Let’s make some movies!

So Meduza released this article about the Russian Ministry of Culture’s draft document indicating what sort of films they intend to fund in 2015. According to the article, the document says priority for funding will go to films about the following themes:

-Success stories that inspire people (in areas such as manufacturing, entrepreneurialism(sic), and civic activism);

This generally gets you arrested or exiled unless you are a close personal friend of Putin, and then sometimes that doesn’t even save you.

“The roles of Crimea and Ukraine in the 1,000-year history of the Russian state;”

Let’s see…The Crimea basically became part of the Russian empire in 1795 or thereabouts. The empire, the beginning of the state of “Rossiya,” is usually dated to about 1721, and it ended in 1917, meaning it lasted less than 200 years, much less than the United States. The modern Russian state has been around for a whopping 24 years.

“Russian military glory (its victories and victors);”

No Russo-Japanese War, WWI, or Crimean War. Got it.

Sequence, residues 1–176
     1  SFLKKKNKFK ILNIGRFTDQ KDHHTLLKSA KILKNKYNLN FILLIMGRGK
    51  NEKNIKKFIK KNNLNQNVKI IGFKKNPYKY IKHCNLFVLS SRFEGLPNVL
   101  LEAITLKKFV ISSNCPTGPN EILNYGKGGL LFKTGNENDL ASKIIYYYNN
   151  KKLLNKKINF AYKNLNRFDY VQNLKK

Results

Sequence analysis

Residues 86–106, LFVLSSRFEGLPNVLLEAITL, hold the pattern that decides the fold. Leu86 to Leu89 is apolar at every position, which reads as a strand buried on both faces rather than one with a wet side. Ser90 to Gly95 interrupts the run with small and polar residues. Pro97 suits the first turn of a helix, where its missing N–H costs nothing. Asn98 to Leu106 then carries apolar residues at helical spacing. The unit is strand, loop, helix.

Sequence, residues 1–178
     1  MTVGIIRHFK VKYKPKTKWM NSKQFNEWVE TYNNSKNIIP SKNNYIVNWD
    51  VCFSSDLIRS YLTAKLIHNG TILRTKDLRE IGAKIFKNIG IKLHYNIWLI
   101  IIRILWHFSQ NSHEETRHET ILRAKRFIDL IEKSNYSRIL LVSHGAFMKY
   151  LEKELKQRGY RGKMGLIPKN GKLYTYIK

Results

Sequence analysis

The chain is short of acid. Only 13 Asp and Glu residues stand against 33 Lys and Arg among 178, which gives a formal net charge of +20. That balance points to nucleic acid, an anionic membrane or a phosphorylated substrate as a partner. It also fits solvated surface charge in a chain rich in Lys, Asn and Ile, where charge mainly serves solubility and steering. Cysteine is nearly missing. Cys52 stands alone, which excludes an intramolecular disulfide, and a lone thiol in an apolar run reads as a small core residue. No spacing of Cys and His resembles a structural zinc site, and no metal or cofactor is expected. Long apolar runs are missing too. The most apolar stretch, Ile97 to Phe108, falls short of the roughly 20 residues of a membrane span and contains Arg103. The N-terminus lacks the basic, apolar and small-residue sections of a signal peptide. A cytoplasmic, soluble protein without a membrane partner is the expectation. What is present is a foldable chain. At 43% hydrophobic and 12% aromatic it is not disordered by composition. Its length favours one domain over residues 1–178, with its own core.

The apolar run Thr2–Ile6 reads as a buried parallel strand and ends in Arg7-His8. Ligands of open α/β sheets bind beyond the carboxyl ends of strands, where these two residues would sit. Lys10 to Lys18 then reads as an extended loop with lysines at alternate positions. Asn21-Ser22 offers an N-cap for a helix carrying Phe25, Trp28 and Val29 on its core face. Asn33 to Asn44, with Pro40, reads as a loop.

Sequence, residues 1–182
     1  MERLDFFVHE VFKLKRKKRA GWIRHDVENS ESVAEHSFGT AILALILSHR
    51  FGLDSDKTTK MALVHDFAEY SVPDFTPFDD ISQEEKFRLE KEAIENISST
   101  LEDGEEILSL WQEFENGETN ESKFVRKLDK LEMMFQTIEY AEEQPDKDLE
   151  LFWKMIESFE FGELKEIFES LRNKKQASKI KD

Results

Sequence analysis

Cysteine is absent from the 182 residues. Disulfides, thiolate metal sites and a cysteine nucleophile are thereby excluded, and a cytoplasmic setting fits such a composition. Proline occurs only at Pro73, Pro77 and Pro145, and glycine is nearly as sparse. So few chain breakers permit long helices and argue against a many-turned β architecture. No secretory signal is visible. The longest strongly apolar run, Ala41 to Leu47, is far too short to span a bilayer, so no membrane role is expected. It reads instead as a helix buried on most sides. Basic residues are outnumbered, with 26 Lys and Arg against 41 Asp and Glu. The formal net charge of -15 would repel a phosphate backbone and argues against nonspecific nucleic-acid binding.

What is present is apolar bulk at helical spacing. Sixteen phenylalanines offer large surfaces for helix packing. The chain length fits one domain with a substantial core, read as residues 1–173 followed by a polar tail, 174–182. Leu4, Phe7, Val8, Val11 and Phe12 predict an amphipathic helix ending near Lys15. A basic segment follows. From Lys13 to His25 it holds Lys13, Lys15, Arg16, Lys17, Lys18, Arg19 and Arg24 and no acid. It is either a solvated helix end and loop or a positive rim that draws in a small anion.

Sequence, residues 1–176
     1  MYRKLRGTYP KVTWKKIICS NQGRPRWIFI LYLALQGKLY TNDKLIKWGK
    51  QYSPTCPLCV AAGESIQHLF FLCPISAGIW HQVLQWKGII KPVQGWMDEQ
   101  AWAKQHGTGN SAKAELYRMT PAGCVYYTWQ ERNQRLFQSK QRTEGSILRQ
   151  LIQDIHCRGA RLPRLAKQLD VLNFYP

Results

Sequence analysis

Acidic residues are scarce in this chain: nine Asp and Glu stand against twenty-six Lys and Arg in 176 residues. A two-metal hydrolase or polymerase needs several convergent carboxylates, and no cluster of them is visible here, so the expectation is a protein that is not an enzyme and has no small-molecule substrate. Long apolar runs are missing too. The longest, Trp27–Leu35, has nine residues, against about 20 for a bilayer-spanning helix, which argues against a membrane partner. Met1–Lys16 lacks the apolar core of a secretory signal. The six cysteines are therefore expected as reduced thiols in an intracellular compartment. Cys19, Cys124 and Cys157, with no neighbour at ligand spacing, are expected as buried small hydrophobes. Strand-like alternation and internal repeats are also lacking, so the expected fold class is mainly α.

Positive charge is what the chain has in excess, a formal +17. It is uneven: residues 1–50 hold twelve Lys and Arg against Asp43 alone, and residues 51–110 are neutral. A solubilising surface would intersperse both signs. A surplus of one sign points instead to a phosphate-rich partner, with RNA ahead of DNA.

“Film adaptations of Russian literary classics;”

Because we don’t have enough of those, and we’ve never managed to produce any decent literature in almost a quarter of a century.

“Modern-day heroes in the fight against crime and corruption;”

These people end up dead, or in jail. Or dead in jail. Which Russia do these ministry of culture flacks live in? Oh right, the one behind four-meter-high green metal walls with 24/7 security.

“A society without borders” (success stories from from individuals with disabilities);”

Dude in a wheelchair wins the US green card lottery and books it.

“Historical anniversaries (such as the 100th anniversary of the October Revolution, and the 25th anniversary of the August 1991 Putsch);”

Sorry, but October revolution contradicts the glory of the Great Russian Empire and will offend believers.

“Family values as the foundation of Russian society; and
Russia as a multiethnic country.

charliesjaguars

spiritualvalues2

russianfascists

Shut the fuck up.

A Smoking Gun?

Recently, Interpreter mag released a translation of a document published in Novaya Gazeta, which was supposedly leaked to them by a source in the Kremlin. The document was drafted prior to the flight of Yanukovych on 22 February 2014, and supposedly shows how the Kremlin planned the dismemberment of Ukraine  before that so-called “coup d’etat” took place.